Pheidippides turns out to be a great student, and soon he's arguing circles around everyone. Of course, in order to argue your way out of debts that you knowingly took on, someone would have to use a pretty twisted or evil kind of logic, right? Sure enough, Pheidippides becomes an expert in something called the "Worse Argument," which pretty much tells you everything you need to know about that. While all of this is going on, the "Clouds"—which are basically like gods—are watching and weighing in… and they don't really approve. Uh oh.

      Falling Action

      You Wouldn't Know Logic if it Hit You Over the Head…

      As both the Clouds and Pheidippides predicted, Strepsiades comes to regret that he sent his son to that fancy logic school—regret it big time. Pheidippides has become so skilled in the Worse Argument that he uses it to justify beating his own father. After that incident, Strepsiades realizes that his scheme was a bad idea and regrets ever plotting to get out of paying his debts.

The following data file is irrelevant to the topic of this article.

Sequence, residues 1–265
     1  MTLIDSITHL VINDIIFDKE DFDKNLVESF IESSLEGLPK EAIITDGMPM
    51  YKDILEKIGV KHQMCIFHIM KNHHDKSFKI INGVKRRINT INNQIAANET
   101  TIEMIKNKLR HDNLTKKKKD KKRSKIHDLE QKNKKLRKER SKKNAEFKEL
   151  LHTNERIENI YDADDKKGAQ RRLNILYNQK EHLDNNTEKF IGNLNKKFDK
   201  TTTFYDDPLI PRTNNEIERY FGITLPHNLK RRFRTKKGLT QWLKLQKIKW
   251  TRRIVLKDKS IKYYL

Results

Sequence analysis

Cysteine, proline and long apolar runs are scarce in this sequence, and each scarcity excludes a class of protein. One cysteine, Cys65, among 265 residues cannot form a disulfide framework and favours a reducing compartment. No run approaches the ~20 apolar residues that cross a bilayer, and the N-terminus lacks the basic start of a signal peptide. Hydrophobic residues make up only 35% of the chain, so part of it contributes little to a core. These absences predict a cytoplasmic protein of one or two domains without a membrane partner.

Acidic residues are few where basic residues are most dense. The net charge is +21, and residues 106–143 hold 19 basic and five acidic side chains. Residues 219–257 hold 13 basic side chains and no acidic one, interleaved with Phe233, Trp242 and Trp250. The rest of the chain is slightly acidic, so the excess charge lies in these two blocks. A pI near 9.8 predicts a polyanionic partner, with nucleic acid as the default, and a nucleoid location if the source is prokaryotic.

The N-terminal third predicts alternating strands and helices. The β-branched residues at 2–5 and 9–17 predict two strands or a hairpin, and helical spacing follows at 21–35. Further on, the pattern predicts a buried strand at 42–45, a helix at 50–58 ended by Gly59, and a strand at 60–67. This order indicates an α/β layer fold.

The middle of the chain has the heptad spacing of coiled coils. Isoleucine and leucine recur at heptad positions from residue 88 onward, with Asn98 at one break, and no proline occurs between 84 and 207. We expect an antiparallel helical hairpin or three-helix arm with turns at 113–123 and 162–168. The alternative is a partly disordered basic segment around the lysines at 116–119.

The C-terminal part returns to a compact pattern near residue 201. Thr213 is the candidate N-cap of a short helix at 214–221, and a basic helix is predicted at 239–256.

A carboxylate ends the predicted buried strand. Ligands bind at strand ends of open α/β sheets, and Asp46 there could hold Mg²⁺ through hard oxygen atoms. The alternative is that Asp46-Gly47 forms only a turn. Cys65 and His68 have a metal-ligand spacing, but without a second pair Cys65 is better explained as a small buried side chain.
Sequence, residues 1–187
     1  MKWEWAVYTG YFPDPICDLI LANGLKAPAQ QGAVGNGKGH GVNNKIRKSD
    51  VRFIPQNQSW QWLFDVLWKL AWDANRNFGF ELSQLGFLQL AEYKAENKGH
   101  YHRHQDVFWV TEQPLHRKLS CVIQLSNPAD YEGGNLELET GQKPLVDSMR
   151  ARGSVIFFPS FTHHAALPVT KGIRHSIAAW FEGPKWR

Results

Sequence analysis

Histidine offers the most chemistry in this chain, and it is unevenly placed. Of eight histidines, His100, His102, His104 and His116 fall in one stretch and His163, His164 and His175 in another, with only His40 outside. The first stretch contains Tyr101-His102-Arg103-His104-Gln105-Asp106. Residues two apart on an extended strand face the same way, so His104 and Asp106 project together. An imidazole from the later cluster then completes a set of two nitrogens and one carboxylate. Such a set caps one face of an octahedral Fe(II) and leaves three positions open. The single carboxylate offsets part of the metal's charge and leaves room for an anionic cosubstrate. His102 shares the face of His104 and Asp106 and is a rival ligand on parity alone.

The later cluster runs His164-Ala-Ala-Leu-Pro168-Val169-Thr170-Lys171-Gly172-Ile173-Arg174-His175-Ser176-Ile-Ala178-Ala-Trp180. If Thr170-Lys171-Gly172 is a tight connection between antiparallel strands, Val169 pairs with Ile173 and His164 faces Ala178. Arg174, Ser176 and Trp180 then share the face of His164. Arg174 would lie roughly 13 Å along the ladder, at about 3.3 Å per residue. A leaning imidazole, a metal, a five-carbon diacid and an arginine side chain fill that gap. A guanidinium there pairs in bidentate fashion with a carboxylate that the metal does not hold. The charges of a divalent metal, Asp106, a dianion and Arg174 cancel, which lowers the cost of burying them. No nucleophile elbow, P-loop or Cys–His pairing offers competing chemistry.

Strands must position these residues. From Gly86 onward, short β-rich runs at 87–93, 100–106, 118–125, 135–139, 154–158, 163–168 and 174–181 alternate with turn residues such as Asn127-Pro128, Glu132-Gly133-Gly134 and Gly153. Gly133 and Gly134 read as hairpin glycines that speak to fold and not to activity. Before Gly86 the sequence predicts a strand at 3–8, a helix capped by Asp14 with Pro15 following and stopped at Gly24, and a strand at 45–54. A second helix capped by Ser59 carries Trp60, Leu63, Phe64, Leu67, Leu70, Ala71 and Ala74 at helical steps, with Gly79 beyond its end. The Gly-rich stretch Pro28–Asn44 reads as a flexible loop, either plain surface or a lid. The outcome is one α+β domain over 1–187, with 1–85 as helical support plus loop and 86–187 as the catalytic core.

Resolution (Denouement)

      Burning Down the (Logic) House 

      Strepsiades decides that he should get revenge on Socrates and others at the Thinkery for exposing him and his son to the wonky "Worse Argument" logic that makes wrong things right. So, he sets that structure on fire, and encourages Socrates and his posse to scoot if they don't want to die in the fire and smoke.

    • Three-Act Plot Analysis

      Act I

      Strepsiades is in mountains of debt and wants to, well, not be. He also doesn't feel like actually paying the money back, so he decides that the best course is to learn some fancy argumentation so he can argue his way out of the debts. Initially he wants to send his son to get this education (after all, it's really his spendy habits that got them into this mess), but when Pheidippides refuses, he decides to go in his son's place.

      Act II